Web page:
These documents, they say, suggest that Dr. Franklin knew that Dr. Watson and Dr. Crick had access to her data and that she and Dr. Wilkins collaborated with them. “We should be thinking of Rosalind Franklin, not as the victim of DNA, but as an equal contributor and collaborator to the structure,” Dr. Comfort said.

Other experts said that the new documents were interesting but did not radically change the narrative; it has long been clear that Dr. Franklin played a key role in the discovery. “What this does is add a little new evidence to a trail, which leads directly to Franklin’s being a major participant,” said David Oshinsky, a historian of medicine at New York University.

And regardless of what Dr. Franklin knew about who had access to her data, the new documents do not change the fact that she did not receive adequate recognition for her work, some historians said.


“What is unequal and has always been unequal and is still unequal about Rosalind Franklin is the credit that she didn’t get in the aftermath of the discovery,” said Dr. Jacalyn Duffin, a hematologist and historian of medicine at Queen’s University, in Canada.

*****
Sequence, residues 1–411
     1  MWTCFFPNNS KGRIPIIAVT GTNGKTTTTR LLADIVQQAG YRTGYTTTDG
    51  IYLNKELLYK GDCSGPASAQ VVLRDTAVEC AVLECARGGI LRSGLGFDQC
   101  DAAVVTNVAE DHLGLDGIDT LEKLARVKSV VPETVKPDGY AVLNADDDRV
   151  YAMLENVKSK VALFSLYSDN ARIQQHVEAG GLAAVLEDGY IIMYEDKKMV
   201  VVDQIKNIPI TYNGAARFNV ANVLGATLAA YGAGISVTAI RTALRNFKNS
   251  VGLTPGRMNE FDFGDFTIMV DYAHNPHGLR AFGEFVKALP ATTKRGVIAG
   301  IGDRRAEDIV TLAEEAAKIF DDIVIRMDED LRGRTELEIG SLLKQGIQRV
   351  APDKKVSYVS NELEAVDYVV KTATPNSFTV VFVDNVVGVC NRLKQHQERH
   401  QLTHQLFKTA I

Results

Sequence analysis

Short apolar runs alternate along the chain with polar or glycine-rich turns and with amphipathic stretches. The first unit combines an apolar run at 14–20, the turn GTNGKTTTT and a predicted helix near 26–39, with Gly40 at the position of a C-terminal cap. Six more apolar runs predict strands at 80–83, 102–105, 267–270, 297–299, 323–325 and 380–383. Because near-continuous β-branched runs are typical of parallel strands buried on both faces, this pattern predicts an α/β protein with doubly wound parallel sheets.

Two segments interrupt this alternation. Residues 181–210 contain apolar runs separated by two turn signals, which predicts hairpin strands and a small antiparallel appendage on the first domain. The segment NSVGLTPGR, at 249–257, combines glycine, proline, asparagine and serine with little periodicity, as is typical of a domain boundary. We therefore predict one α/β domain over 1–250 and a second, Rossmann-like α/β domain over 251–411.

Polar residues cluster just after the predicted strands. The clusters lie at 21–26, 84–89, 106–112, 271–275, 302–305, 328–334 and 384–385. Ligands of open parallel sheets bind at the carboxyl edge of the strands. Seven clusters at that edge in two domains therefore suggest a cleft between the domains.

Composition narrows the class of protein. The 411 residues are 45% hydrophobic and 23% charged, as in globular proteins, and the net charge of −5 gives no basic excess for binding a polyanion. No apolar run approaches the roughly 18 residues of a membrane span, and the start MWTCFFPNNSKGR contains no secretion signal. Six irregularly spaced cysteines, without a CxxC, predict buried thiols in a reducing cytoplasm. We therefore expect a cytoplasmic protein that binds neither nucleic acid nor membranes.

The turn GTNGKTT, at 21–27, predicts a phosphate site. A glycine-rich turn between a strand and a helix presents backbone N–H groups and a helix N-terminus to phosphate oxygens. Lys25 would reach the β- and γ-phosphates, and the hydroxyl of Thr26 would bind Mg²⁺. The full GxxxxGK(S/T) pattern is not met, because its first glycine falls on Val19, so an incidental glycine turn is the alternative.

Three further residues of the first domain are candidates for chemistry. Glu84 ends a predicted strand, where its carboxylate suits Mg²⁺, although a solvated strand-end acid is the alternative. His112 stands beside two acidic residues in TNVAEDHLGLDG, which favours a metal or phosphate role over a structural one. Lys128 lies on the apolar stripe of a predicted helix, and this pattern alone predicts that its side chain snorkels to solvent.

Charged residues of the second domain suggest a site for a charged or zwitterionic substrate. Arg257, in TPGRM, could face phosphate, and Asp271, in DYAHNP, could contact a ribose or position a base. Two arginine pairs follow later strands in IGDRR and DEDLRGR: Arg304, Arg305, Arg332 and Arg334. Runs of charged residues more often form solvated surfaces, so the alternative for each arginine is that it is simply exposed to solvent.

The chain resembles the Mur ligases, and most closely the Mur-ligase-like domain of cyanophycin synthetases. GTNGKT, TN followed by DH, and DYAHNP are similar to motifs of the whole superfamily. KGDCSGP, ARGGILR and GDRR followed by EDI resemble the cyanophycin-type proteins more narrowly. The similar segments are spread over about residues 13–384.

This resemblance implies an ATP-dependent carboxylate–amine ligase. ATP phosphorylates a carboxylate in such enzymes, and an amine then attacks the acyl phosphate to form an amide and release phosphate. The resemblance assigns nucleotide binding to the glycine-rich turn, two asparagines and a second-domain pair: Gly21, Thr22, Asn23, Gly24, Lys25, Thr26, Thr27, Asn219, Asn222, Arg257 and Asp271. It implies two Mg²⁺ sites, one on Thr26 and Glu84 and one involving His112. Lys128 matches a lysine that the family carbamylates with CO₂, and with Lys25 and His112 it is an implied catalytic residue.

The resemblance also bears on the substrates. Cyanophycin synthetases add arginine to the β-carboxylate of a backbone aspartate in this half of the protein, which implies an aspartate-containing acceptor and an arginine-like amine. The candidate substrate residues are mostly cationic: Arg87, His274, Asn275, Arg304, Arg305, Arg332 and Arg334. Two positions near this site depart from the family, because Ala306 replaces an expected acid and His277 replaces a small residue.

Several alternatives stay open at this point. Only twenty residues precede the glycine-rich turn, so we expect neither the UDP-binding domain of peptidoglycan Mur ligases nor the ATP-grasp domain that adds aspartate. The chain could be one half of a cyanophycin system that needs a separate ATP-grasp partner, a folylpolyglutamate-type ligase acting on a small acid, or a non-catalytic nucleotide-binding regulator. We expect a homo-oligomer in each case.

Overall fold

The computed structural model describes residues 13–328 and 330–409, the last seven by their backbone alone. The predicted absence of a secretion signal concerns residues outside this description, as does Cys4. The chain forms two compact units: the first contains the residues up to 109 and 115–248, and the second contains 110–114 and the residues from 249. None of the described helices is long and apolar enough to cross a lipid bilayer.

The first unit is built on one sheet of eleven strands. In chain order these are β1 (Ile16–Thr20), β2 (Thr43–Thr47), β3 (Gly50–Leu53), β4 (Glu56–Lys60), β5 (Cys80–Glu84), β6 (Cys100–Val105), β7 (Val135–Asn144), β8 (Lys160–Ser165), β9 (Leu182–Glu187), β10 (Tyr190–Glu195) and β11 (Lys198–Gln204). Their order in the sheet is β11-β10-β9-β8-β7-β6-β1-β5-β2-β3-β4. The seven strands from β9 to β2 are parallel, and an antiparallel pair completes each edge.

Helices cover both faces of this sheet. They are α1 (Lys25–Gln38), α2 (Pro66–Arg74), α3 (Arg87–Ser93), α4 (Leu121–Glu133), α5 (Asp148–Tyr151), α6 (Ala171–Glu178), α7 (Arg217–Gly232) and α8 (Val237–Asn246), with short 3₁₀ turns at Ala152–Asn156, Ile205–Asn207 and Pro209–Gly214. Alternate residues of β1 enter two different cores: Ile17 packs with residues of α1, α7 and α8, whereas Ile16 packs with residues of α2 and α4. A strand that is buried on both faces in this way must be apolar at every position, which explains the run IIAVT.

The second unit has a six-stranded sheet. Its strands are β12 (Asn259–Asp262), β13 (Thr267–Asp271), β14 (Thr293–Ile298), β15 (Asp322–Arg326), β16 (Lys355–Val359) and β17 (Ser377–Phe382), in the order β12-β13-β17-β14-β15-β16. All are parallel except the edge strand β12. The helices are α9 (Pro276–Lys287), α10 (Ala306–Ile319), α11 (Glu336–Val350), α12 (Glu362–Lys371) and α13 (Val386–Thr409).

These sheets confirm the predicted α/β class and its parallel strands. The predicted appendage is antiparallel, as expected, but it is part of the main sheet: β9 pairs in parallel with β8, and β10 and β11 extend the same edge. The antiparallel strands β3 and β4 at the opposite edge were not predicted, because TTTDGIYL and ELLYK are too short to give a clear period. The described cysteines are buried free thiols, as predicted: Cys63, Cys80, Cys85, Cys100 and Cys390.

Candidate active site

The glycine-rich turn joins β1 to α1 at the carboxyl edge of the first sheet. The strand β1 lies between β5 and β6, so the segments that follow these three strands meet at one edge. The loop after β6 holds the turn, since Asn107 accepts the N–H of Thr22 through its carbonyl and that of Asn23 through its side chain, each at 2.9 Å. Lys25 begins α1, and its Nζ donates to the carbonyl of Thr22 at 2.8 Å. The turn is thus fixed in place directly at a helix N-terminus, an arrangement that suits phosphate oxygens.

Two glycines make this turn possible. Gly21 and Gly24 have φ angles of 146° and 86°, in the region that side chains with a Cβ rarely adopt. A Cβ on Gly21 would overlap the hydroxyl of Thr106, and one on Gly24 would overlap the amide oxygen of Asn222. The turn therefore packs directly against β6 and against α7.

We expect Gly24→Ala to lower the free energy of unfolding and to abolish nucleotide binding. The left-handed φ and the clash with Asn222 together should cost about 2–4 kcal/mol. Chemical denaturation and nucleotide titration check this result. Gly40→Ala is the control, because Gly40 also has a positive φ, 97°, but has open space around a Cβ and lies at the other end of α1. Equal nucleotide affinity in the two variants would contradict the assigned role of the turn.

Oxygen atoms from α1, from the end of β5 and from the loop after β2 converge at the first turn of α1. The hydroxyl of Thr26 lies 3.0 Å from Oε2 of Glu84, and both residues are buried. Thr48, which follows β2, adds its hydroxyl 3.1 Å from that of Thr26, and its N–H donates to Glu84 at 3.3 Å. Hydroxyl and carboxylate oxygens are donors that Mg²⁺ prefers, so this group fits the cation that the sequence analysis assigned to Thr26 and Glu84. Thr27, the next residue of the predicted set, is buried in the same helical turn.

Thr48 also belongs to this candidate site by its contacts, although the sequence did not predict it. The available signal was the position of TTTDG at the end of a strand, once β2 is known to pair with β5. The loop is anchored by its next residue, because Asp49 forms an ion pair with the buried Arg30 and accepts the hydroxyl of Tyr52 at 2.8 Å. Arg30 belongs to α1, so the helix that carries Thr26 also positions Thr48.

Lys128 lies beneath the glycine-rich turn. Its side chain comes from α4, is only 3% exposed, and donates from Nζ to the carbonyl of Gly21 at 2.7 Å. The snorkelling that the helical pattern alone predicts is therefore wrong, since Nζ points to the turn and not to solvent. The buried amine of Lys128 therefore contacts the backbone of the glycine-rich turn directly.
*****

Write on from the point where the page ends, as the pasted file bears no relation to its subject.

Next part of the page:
Seeing double

In the early 1950s, Dr. Watson and Dr. Crick were working together at the University of Cambridge, in Britain, trying to piece together the structure of DNA, largely by building models of the molecule.

At nearby Kings College London, Dr. Franklin and Dr. Wilkins were trying to solve the same puzzle experimentally, using X-rays to create images of DNA. (They had a famously fractious relationship, and largely worked separately.)

In “The Double Helix,” Dr. Watson suggested that his breakthrough came after Dr. Wilkins showed him one of Dr. Franklin’s images, known as Photograph 51. “The instant I saw the picture my mouth fell open and my pulse began to race,” Dr. Watson wrote.


That book was published in 1968, a decade after Dr. Franklin died of ovarian cancer at age 37, and it became the prevailing narrative of the discovery. But the real story was more complex.